Review: A Gash in the World

By Anjum Altaf

 

A Gash in the World, a novel by Prashant Parikh, iUniverse, 2009

When I read A Gash in the World, I was immediately reminded of The Name of the Rose by Umberto Eco because of the thematic similarity. But I also thought of Ectopia by Ernest Callenbach for entirely different reasons.

Ectopia was written in 1974 and rejected by every significant publisher. As the author describes it: ‘Some said it didn’t have enough sex and violence, or that they couldn’t tell if it were a novel or a tract. Somebody said the ecology trend was over… I was on the point of burning it.’

The author self-published the novel and it went on to become a cult classic. It sold more than 400,000 copies in the US although, according to the New York Times’ review of its re-issue edition, ‘the novel is not especially literary. Its characters are flat; its prose — well, call it utilitarian. And the plot lacks sophistication.’ But the book made a mark because it addressed a concern that was important to a large number of people.

A Gash in the World is that kind of novel. The ideas are so topical and powerful that I read it through in one sitting, despite the fact that the story is really a thin excuse to carry the ideas. The reader with an interest in the theme really wishes that the story would stop getting in the way of the excitement that comes from engaging with the ideas themselves.

It is in the ideas that the novel resembles Eco’s masterpiece: an intellectual mystery combining semiotics, biblical analysis, medieval studies, and literary theory. A Gash in the World is to Hinduism what The Name of the Rose is to Christianity.

Of course, Eco’s readers have an advantage because of their prior familiarity with the history of Christianity that allows the author to use the mystery to elucidate new paths in familiar terrain.
Prashant Parikh’s readers lack that advantage. The complexities of medieval Hinduism are beyond most non-Indian readers and the mystery is not exciting enough by itself to carry the weight of an unfamiliar history that makes us see and understand the origins of Hindutva, the intellectual journey of Hinduism from past to present, and what it might mean for the future of religion in India and peace in South Asia.

Such an understanding, however, is critical for Pakistanis who are suffering from religious fundamentalism of their own, and have a stake in the future of communal relations in India. The fact that escalating religious fundamentalism and religious nationalism in both countries can bring them to the brink of war, as has happened after the attacks in Mumbai, convinces me that the book needs to be made available to a Pakistani audience.

And here the genre of the novel is a big advantage because the audience is unlikely to access a book of non-fiction to gain the same understanding.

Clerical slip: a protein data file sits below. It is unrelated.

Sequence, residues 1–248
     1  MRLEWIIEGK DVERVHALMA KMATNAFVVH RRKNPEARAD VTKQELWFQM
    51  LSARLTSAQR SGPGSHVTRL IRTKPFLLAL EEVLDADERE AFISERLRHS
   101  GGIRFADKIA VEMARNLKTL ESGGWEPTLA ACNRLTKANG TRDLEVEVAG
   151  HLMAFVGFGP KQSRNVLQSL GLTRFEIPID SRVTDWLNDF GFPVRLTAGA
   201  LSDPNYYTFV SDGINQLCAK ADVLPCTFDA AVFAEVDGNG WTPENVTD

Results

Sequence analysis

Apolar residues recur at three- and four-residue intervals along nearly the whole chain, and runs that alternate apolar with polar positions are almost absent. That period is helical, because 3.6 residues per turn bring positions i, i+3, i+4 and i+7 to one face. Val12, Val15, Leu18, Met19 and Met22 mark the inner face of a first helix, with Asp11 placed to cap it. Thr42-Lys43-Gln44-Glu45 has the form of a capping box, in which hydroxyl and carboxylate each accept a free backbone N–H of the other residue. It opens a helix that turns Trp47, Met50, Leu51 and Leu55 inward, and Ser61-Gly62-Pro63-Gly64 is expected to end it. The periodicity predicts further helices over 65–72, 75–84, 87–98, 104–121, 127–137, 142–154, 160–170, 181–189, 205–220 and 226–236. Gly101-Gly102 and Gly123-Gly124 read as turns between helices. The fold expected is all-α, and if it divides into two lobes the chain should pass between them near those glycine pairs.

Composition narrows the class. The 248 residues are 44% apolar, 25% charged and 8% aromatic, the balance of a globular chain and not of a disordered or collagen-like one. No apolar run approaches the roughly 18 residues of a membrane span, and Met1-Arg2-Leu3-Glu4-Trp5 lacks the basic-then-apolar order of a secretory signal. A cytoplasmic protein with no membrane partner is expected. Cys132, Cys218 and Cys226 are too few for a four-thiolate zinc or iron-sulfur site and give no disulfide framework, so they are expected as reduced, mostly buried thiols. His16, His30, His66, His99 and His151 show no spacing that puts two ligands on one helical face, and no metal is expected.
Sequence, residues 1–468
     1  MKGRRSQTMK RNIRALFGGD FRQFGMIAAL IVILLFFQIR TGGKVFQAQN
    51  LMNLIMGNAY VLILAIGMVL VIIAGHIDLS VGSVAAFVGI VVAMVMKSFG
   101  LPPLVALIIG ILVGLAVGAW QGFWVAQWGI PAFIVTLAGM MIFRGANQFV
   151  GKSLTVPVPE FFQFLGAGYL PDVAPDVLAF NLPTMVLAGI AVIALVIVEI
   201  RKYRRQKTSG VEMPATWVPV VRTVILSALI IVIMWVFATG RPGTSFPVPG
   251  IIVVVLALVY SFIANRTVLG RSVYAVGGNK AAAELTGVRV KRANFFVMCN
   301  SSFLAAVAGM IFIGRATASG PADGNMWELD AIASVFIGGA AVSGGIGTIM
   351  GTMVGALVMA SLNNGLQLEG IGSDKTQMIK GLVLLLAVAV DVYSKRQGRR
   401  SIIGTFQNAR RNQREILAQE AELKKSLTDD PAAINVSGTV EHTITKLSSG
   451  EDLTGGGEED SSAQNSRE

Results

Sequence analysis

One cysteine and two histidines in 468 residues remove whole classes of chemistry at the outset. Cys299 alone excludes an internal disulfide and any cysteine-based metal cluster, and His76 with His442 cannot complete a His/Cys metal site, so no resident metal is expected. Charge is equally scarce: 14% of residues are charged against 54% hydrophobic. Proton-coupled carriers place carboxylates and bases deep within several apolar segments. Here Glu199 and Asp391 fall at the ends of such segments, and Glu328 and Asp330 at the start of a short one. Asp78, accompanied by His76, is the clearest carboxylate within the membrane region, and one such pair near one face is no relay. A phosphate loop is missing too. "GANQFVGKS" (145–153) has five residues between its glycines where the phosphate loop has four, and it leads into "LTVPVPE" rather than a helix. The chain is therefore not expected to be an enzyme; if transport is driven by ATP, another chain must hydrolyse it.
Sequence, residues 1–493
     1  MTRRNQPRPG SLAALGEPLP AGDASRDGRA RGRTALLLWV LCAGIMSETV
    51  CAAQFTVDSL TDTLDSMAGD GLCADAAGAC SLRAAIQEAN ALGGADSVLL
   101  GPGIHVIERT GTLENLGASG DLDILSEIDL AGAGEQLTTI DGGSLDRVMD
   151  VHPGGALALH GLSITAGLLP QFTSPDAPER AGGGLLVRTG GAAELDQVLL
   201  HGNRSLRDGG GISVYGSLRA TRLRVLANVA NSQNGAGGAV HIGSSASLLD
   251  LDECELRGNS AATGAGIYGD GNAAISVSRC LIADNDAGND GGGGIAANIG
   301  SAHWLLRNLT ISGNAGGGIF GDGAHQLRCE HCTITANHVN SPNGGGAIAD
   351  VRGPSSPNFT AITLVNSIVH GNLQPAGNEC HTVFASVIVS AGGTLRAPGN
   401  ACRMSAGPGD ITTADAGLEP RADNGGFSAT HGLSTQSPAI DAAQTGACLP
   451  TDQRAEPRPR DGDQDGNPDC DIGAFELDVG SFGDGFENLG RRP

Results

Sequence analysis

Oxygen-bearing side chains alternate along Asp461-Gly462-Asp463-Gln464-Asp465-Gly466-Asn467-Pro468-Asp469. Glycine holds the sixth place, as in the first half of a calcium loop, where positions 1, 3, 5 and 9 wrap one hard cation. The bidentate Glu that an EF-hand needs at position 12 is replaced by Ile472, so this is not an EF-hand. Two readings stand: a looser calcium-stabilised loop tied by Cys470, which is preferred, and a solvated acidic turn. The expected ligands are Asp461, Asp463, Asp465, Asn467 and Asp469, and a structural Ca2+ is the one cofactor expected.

The following extract of a dialogue from the first chapter gives a sense of the theme of the novel:

‘You know, the very fabric of Indian society is being changed, both in time and space. The legacy of thousands of years of Hinduism is being slowly dismantled, its tolerance, its openness to new ideas, its ability to coexist with other religions. All our secular institutions are being gradually imbued with distorted religious ideals, and if this continues for a couple of decades, they will be awash with the worst kind of prejudice and bigotry.

I don’t need to mention the violence; that is in plain view for everyone to see. These other changes, however, no one notices. They creep up on a generation without anyone realising it, they become habits of the heart, and then it is too late. It is a very subtle process, and I think only Arendt among recent thinkers really understood it, though in a very different context. And this is a problem not just in India, but all over. It has deep roots, going back to Humanism and the Enlightenment,’ Meghnad paused. ‘Forgive me for going on about this. What do you do, Mr Puri?’

‘I’m a cardiologist,’ Dinesh replied.

‘Ah, so you know exactly what I mean by ‘habits of the heart’, Meghnad smiled. ‘Do you know that, in 20 years, if things carry on like this, modern philosophy will be almost completely wiped out of the curriculum at Indian universities?’ he continued. ‘The worldview of the average Indian, Hindu or otherwise, will be irrevocably altered.’

Pakistani readers will find it somewhat easy to engage with the ideas because of their proximity to Hinduism, the compulsion of religious politics in South Asia, and the belief that they understand what Hinduism is about. It will be a useful surprise for them to discover how much they don’t know and how much of what they know has been shaped by years of misinformation.

This review, reproduced with permission of the author, was first published in the Books and Authors section of Dawn, Karachi, in January 2009 when the novel was being serialized on The South Asian Idea. The novel has been published since and is now available in India and outside.

Prashant Parikh is a graduate of MIT and Stanford University. He has also written two highly acclaimed books on semantics.

 

 

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